Arthritis drug hope for Alzheimer's patients
Friday, 11 April 2008
The Alzheimer's Society is calling for further detailed research into a treatment using a widely used arthritis drug that seems to be producing marked improvement in some patients.
Etanercept blocks tumour necrosis factor-alpha, or TNF, which causes pain and swelling in the joints. TNF may also affect communication between brain cells - and researchers say it could be partly to blame for the advance of Alzheimer's.
The researchers in Los Angeles believe they have discovered a way of delivering etanercept into the brain via an injection in the neck, and then tilting the patient to encourage blood flow into the brain, allowing it to block the disruption caused by TNF
About 50 people are being treated at the private clinic. Some have been taking etanercept for more than three years. Doctors report a response rate of about 90%, usually within minutes.
They say typically they see a week-by-week improvement with each dose, reaching a plateau after about three months.
Professor Edward Tobinick, who leads the research, said: "What we see is an improvement in their ability to think and calculate, their memory improves, their verbal ability improves, they find words easier, they seem happier, and we often also see an improvement in gait in those patients whose gait is affected." But he warned they did not return to normal.
The small scale of the trials and the fact that there has never been a placebo-controlled study has made UK experts cautious.
Dr Suzanne Sorensen, head of research at the Alzheimer's Society, said that with 400,000 people already diagnosed with Alzheimer's and numbers rising, new research on treatment is always welcome. But she added several notes of caution.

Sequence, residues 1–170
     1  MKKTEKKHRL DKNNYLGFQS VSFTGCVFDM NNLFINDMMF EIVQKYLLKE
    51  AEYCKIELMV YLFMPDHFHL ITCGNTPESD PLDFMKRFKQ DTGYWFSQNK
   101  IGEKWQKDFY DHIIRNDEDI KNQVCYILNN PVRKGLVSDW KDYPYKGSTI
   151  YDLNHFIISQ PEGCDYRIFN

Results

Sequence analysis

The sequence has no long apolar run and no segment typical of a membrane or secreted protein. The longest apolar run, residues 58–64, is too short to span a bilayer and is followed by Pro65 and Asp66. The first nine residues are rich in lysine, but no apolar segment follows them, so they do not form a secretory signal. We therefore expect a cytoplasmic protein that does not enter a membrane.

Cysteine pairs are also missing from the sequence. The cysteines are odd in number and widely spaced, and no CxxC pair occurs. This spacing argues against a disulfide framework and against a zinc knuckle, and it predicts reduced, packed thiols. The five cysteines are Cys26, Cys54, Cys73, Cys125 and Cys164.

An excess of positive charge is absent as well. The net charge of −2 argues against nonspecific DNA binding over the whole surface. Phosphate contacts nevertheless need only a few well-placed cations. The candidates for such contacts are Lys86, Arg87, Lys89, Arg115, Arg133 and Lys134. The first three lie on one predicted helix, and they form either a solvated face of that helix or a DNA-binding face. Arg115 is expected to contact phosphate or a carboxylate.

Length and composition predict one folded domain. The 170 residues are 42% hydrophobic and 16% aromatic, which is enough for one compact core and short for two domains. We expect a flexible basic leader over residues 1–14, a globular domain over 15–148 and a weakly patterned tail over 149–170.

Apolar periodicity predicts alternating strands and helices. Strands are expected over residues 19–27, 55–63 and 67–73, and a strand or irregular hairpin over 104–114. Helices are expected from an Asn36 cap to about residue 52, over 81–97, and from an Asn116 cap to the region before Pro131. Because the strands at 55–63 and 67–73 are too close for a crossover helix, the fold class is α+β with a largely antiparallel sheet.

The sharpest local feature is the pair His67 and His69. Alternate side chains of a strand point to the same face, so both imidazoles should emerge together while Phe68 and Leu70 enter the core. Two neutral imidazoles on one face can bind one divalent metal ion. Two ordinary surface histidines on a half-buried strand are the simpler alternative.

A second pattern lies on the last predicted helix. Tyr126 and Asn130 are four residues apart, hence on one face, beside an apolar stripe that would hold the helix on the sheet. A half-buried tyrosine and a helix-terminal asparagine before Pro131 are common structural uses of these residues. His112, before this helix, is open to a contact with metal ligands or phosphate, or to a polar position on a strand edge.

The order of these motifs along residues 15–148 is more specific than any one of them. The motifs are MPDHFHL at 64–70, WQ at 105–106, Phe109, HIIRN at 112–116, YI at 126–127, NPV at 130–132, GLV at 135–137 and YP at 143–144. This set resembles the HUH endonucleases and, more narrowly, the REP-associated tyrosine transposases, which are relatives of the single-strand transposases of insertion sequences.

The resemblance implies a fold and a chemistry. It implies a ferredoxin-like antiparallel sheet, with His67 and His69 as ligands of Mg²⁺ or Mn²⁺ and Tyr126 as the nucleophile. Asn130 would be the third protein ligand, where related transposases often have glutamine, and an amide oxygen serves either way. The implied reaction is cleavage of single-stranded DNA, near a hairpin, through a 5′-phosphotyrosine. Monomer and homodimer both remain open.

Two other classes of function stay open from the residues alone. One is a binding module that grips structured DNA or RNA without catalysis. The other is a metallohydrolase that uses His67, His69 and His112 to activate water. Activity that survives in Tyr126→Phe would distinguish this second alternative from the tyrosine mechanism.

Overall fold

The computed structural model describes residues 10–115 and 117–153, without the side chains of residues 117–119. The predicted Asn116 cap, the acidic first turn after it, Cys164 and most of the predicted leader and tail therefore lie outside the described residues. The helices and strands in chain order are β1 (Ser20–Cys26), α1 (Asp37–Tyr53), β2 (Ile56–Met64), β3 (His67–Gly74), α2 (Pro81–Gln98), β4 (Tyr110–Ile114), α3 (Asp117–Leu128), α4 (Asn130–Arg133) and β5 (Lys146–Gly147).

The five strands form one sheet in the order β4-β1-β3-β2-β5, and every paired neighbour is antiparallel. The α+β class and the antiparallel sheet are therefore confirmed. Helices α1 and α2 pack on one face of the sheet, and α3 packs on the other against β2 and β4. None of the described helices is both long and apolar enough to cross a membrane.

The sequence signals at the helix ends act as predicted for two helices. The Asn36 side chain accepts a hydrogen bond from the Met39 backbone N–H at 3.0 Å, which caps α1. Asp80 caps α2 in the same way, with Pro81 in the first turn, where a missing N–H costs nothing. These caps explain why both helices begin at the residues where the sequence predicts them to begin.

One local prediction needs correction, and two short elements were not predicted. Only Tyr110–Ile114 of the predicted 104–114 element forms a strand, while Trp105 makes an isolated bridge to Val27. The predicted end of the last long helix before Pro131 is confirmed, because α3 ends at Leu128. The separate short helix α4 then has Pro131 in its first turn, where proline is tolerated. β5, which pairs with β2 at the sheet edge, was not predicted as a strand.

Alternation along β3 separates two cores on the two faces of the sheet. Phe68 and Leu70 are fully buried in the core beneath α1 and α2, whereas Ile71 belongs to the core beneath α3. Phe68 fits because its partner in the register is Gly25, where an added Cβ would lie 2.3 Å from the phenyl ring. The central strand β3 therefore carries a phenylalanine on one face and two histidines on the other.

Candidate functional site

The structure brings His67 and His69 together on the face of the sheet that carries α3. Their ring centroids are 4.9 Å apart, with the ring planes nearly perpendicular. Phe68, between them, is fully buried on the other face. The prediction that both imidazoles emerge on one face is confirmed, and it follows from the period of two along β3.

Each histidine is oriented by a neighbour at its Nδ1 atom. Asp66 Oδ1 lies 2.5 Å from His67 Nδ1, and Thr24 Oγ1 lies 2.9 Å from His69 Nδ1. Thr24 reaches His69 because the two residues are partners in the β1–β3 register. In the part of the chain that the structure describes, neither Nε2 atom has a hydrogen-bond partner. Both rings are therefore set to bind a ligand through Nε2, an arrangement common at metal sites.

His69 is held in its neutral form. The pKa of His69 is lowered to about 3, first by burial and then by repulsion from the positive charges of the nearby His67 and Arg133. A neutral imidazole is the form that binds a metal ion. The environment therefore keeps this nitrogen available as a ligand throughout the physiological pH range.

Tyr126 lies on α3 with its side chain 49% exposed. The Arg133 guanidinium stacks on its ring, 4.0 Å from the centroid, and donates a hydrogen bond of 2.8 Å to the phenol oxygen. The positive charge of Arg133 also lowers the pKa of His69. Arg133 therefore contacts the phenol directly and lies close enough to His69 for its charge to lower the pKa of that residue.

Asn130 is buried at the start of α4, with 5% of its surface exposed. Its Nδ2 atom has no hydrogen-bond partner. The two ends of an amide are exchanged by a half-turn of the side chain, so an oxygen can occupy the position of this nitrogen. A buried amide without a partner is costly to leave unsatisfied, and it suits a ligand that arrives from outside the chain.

"On the surface these results are exciting but we need to treat the study with caution. There are large gaps in the research, which only involved a small pilot group and we cannot draw any conclusions until a controlled trial is carried out.
"We have concerns about the potential cost and practicalities of a treatment that has to be injected into patients' spines - a procedure that will require trained staff and special facilities.
"It is very encouraging to see alternative ways to treat Alzheimer's disease being explored. We need to see much wider investment in dementia research in the UK."
*Meanwhile a study in the April online issue of Neurology adds to evidence linking impaired insulin secretion in Type II diabetes and Alzheimer's disease. Dementia and diabetes have both been linked to being overweight and having an "apple" shaped body.